The Stone Rejected

The Stone Rejected
The above was written by Rt. Ex. Companion A. Cotow
What is Freemasonry? It is a peculiar system of morality, veiled in allegory and illustrated by symbols. We have often heard it said, that symbolism is an important part of Masonry. I shall not only confirm this statement, but will endeavour to elaborate upon it.
Every degree in Freemasonry , the work and ceremonies connected with it and the symbolism presented, illustrate to us Masons, a moral lesson, a message, which in turn, reminds us of our obligations and teaches us to discriminate between what is right and what is wrong, what is proper and what is improper. It furthermore instructs us how to regulate our daily life without giving offence to our neighbours, and utilising every moment of our presence here on earth, in doing good. The Volume of the sacred Law is rich in these messages to mankind. All of these are veiled in allegory and illustrated by symbols.
King David, the great warrior king, was also, as you well know, a great poet, musician and writer of prophetic visions. The Book of Psalms, written by him some 3,000 years ago, contains many allegorical visions, and serves as a moral guide, even in this advanced civilisation of our modern age.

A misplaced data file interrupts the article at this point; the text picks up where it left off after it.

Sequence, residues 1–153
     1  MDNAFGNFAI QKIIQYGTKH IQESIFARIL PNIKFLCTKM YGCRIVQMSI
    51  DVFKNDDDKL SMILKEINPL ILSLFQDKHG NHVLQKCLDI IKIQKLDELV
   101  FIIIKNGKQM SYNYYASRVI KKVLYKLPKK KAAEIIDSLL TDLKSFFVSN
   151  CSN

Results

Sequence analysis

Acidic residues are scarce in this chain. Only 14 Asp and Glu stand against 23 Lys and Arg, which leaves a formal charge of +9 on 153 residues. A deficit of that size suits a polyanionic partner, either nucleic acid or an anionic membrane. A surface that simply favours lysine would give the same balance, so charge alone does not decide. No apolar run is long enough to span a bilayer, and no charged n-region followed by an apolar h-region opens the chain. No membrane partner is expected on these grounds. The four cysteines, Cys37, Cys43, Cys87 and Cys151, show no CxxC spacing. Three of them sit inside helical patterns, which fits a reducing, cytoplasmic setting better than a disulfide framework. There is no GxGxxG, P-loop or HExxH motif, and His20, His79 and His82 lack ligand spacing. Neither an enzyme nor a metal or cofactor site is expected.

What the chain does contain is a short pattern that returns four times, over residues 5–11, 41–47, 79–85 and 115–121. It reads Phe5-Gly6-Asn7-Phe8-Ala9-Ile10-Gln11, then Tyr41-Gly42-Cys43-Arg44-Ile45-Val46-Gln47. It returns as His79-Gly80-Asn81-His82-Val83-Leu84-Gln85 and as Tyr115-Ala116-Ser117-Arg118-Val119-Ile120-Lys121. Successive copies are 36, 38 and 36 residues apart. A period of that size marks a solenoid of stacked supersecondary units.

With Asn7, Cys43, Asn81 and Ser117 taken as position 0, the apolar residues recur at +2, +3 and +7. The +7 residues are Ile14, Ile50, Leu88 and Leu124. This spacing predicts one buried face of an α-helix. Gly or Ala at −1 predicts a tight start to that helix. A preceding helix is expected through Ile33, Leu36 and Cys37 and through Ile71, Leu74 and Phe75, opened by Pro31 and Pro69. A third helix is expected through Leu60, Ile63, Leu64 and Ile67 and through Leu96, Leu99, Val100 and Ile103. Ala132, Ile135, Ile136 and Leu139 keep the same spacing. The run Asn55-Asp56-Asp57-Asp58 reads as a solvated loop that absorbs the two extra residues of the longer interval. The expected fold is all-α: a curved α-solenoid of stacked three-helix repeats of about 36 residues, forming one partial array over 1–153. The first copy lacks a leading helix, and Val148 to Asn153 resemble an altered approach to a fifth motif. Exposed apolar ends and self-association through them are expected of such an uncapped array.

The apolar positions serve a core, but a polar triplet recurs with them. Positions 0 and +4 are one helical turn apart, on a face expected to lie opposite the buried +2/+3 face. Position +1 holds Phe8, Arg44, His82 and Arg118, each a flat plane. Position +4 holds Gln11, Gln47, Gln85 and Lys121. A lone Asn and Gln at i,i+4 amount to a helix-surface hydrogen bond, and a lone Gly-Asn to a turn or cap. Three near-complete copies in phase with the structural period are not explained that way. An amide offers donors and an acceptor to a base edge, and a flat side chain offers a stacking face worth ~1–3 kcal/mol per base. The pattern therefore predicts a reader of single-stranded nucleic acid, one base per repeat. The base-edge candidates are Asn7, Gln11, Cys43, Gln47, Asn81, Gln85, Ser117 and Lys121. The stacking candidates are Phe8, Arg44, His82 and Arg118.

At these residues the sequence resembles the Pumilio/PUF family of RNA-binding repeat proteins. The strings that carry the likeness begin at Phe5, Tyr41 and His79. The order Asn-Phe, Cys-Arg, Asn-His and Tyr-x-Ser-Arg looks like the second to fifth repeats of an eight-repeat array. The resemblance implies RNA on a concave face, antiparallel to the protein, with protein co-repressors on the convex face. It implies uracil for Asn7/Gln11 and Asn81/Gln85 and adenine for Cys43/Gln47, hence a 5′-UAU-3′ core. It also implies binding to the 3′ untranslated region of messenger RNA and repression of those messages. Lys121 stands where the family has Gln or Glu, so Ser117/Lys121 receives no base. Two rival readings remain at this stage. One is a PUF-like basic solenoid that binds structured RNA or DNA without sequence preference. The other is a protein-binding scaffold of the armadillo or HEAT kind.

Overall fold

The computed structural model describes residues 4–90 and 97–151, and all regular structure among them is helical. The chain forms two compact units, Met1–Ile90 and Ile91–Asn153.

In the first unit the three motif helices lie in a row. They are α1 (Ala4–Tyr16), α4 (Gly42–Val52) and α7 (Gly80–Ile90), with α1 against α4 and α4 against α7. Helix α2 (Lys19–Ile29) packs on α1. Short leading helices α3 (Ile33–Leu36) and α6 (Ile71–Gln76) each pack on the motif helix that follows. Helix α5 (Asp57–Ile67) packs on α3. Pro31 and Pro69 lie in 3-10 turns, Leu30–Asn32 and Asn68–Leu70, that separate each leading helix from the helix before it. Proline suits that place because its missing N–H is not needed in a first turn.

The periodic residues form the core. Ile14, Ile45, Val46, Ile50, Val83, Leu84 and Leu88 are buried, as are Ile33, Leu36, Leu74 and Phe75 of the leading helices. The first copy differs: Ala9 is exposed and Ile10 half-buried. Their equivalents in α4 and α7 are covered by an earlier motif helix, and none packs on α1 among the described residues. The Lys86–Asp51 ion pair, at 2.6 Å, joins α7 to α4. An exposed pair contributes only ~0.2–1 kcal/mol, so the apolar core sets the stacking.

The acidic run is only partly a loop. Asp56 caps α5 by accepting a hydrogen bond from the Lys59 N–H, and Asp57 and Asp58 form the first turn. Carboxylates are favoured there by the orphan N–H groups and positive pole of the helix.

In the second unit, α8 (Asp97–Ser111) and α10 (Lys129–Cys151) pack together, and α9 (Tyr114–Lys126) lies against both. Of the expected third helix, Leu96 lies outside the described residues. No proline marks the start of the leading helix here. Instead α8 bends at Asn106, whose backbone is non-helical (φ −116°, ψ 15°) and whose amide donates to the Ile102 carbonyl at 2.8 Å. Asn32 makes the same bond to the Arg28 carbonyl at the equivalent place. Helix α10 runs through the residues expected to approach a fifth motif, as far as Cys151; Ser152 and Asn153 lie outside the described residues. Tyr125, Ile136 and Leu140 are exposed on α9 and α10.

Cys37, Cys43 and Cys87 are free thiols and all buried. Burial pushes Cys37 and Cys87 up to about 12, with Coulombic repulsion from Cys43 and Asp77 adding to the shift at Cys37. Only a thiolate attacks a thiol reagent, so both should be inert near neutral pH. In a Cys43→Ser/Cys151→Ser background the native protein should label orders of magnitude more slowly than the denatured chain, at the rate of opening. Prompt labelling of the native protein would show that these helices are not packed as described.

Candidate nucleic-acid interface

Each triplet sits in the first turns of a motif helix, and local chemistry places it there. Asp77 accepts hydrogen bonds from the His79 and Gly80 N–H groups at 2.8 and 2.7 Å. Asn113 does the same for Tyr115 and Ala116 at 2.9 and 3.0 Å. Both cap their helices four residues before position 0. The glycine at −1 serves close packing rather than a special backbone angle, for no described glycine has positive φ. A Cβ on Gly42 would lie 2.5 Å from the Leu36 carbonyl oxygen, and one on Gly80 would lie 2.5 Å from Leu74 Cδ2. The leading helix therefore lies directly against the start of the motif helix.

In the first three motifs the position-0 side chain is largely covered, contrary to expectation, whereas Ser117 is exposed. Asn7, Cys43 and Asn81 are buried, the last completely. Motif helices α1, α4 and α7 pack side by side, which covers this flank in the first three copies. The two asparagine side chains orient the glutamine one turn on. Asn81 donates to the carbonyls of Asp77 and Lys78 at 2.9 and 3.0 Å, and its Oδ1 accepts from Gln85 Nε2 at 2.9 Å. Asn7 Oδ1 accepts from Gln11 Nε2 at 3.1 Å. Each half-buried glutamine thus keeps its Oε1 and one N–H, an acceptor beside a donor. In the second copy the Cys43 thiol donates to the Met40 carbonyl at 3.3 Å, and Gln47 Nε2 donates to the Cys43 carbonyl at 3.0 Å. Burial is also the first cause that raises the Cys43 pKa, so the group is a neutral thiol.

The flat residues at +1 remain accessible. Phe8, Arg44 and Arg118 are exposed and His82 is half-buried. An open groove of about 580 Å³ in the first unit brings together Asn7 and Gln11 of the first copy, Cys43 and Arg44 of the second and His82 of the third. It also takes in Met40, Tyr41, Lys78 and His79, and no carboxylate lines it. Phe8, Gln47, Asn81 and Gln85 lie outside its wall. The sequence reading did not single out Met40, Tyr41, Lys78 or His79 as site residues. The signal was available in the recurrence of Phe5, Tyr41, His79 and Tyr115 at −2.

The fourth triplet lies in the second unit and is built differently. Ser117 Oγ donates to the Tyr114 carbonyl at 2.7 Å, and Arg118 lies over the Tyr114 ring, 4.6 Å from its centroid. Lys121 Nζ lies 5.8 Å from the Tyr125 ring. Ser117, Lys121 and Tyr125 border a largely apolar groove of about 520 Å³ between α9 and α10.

Take for instance the Psalm 133, well known to us all, a song of the degrees of David, “Behold how good and how very pleasant it is for brethren to dwell together in unity”. This Psalm conveys to us a message of peace, love and harmony, for, there can be no greater blessing than that of spending your entire life among friends, among brethren. The literal translation is not ‘dwell’ but ‘to sit’. Hence can you visualise anything to equal that great pleasure of sitting together in the south, enjoying each other’s company, to listen to words of wisdom, and sharing the happiness and joy, while you entertain your brethren.
In the Degree of Mark Master Mason, we refer to psalm 118:22 which reads as follows:-                          “The stone which the builders refused is become the headstone of the corner”. The story of the rejected stone refers, according to our ritual, to the building of King Solomon’s Temple, this we must consider as being historically incorrect.
King David, when writing this Psalm, must have had in mind a moral message, which he tried to convey to mankind for posterity. The story referred to in our ritual, connected with the Psalm (118:22) should be considered a fable. It can be applied to many events in the history of mankind, or to a number of persons who left an impression upon the lives of many future generations. This psalm, is part of that peculiar system of morality, veiled in allegory and illustrated by symbols.
Psalm 118:22 teaches us true democracy, liberty, equality and fraternity, and above all tolerance. It impresses upon our mind the importance of a ‘just and correct’ impression, of sound judgement in discriminating between right and wrong, never judging a person lightly, or to condemn him on account of the colour of his skin, or the shape of his face or nose, or because his outlook on life and his ideas and views, political or religious happen to differ from our own, for God only knows we ourselves may be wrong.